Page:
By Margaret Bayne, OSU Extension Staff-retired, OSU Master Gardener

Watch leaves change color in a matter of seconds.  “A new time-lapse video of over 6,000 leaf photos reveals the biology behind fall foliage.  As foliage darkens in the fall, the pigments within the plant matter break down and transform.” (Emily Toomey,

Find out where the fall foliage will be at its peak across the country.(Natalie B. Compton,

How Plants Measure Their CO2 Uptake.  “Plants face a dilemma in dry conditions: they have to seal themselves off to prevent losing too much water but this also limits their uptake of carbon dioxide. A sensory network assures that the plant strikes the right balance.

Watch the four finalist videos in the 2019 YouTube your entomology contest.(

Exposed tree roots.
Exposed tree roots. Michael Hoelzl/ Creative Commons

Great Tree Root articles with links to resources: SelecTree: Right tree right place. (selectree.calpoly)

Tree roots and foundation damage. (The Morton

Trees are not the root of sidewalk problems. (T. Davis Sydnor1, et al; Journal of Arboriculture)

Soil’s Microbial Market Shows the Ruthless Side of Forests.  “In the ‘underground economy’ for soil nutrients, fungi strike hard bargains and punish plants that won’t meet their price.” (Gabriel Popkin,

Daisies that close at night have camouflaged petals to protect them from herbivores. (

Professional credentials and gardening expertise: Entomologists (Colby Moorberg, More info:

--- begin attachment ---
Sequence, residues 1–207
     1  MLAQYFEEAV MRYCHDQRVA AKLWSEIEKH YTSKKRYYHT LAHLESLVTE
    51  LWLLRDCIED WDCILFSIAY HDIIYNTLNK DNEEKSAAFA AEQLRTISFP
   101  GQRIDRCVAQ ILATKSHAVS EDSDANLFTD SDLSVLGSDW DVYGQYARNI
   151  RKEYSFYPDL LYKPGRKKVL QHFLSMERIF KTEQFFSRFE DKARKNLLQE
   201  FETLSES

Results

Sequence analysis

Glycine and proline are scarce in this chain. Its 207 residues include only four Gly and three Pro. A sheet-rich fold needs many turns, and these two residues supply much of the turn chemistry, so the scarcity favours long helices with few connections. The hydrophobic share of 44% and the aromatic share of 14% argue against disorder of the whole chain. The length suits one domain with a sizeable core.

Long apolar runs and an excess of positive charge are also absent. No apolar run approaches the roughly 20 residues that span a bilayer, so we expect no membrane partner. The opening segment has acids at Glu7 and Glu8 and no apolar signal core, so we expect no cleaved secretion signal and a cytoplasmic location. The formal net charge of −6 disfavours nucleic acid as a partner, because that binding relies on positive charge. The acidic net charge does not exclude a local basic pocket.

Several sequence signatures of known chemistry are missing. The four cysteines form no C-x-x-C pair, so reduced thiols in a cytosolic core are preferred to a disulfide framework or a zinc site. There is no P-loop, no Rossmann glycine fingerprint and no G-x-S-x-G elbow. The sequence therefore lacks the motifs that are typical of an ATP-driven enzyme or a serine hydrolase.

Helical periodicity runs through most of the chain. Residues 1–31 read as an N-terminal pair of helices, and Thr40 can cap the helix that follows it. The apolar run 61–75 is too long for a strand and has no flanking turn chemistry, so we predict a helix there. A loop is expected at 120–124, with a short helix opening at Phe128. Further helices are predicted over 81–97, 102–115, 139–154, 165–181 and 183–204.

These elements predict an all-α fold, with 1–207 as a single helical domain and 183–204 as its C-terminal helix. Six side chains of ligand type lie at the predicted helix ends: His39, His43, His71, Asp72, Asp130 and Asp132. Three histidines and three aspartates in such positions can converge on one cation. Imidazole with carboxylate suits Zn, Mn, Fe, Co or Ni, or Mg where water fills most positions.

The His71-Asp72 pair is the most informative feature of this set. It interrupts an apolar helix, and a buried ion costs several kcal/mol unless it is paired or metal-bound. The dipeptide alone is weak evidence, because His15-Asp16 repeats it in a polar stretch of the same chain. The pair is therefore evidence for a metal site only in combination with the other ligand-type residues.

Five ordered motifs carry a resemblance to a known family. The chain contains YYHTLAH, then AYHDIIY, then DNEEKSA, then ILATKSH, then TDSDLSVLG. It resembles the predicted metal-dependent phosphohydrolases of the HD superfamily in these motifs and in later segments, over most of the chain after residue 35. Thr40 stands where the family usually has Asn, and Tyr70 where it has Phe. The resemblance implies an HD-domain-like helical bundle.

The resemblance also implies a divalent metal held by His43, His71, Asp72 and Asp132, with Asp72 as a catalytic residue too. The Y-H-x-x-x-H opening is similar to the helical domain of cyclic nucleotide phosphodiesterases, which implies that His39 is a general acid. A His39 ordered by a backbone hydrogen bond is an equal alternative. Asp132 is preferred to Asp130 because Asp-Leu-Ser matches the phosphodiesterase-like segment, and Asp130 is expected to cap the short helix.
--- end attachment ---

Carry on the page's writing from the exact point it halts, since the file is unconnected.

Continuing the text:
Tree and shrub sampling for disease diagnosis.  Watch the video and learn  what makes a good sample for diagnosis.” (NC State U via

A brown rat eating seeds from ground.
Rat, OSU

Tips for keeping rats out of home and garden. (Kym Pokorny, OSU; source: Dana Sanchez, OSU)

Could biological clocks in plants set the time for crop spraying?  “Plants can tell the time, and this affects their responses to certain herbicides used in agriculture according to new research…” (Dr. Antony Dodd, University of Bristol)

See the microscopic wonders of herbs!  “A photographer reveals the intricacies of kitchen herbs. The result is otherworldly.” (Rob Dunn,; photos by Martin Oeggerli)

European honey bee, gathering pollen from flower, with large, light yellow pollen sacks on hind legs.
European Honey bee, University of Florida

Surprise…bees need meat!Ask an entomologist what makes a bee a bee, and you’ll likely get some version of “bees are just wasps that went vegetarian.” New research shows that isn’t true. Bees are actually omnivores, and their meat is microbes.” (Paige Embry,

The journey of pollen.  “Kiel research team deciphers adhesive mechanisms in pollination.” (Kiel University)

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